Adenoviruses are double-stranded DNA viruses that can cause a number of disorders, such as respiration infections. The virion is non-enveloped, spherical and about seventy to ninety nm in size. The adenovirus DNA is linear, double stranded of approximately 36,000 bp wrapped in a histone-like protein and has inverted terminal repeats (ITRs) of 50-200 bp. Both strands of adenovirus DNA encode genes and the genome encodes about thirty proteins.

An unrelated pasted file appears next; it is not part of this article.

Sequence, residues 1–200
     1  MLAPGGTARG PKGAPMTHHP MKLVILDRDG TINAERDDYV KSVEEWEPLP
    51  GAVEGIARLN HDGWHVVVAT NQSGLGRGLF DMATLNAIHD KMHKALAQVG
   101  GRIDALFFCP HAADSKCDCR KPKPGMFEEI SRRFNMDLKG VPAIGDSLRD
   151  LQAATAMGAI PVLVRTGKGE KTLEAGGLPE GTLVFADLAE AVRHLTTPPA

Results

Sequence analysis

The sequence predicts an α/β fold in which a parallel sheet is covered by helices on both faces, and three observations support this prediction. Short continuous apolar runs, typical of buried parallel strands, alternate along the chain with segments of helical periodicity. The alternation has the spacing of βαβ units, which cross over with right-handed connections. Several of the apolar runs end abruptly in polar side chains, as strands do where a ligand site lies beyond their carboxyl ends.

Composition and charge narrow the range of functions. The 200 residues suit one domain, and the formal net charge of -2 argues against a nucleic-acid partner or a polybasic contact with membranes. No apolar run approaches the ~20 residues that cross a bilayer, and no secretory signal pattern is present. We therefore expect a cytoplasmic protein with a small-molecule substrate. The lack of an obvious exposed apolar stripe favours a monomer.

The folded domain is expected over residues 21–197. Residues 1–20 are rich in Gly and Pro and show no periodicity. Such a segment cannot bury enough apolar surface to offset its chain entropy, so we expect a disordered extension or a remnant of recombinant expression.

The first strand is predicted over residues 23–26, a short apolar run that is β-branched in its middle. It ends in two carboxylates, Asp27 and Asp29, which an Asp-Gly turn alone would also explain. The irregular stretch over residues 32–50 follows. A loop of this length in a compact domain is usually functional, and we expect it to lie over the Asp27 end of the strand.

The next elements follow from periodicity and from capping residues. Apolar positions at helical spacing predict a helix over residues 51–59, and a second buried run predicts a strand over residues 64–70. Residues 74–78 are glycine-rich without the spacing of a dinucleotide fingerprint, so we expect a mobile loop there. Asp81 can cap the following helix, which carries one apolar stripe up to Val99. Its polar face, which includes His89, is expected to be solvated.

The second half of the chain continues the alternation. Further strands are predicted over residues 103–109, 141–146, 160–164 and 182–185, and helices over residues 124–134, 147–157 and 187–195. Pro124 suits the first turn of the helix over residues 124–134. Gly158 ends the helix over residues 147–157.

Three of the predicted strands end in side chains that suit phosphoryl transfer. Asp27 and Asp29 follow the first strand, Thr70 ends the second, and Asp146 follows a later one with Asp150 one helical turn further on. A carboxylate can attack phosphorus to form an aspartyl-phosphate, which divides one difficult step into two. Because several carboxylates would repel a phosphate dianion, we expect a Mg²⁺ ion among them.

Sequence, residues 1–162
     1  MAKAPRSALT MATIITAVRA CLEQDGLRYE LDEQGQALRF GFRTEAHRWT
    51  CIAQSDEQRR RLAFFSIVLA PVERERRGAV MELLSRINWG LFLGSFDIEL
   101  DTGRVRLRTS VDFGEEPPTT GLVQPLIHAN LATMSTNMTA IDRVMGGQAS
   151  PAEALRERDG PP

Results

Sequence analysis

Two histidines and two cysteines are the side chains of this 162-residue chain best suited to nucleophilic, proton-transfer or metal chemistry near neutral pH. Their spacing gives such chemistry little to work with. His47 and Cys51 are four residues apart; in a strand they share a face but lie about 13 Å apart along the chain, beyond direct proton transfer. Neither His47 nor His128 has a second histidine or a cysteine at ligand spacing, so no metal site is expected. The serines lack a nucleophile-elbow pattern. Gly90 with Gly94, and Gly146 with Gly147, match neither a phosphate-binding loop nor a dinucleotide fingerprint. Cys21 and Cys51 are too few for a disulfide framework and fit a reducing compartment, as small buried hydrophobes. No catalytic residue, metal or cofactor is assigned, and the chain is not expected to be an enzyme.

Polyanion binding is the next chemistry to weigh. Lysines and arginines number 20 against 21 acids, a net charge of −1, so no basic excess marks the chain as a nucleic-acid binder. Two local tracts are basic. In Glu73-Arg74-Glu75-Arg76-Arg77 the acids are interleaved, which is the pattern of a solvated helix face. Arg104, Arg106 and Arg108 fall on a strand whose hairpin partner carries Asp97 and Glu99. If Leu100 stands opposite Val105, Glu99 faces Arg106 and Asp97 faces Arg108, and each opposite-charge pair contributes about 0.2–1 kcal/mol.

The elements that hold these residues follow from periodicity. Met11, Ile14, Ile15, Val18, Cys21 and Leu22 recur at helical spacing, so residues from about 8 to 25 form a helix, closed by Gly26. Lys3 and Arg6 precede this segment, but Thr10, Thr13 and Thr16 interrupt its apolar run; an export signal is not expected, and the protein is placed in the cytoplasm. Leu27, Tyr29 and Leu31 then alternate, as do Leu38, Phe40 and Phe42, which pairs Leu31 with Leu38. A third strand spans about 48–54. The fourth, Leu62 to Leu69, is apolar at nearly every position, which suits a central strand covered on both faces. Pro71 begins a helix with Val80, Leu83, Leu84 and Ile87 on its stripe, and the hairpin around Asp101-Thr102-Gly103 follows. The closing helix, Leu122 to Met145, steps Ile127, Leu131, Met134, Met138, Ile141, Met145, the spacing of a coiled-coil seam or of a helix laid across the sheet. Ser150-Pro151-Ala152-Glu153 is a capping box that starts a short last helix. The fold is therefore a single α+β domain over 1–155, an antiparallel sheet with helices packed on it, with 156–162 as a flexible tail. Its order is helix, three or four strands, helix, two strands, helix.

Soon after its isolation in 1953 adenovirus was recognized as a preferred vehicle for gene delivery because of its many distinguishing features. The first generation recombinant adenoviruses are E1 deleted to insure replication deficiency of the virus and to prevent cell lysis. Once packaged into a complementing cell line (a cell line that provides the E1 products in trans, e.g. HEK 293A cells), viral replication will be enabled. In addition to being E1 deleted, the first generation adenoviruses are also often E3 deleted (E1/E3).
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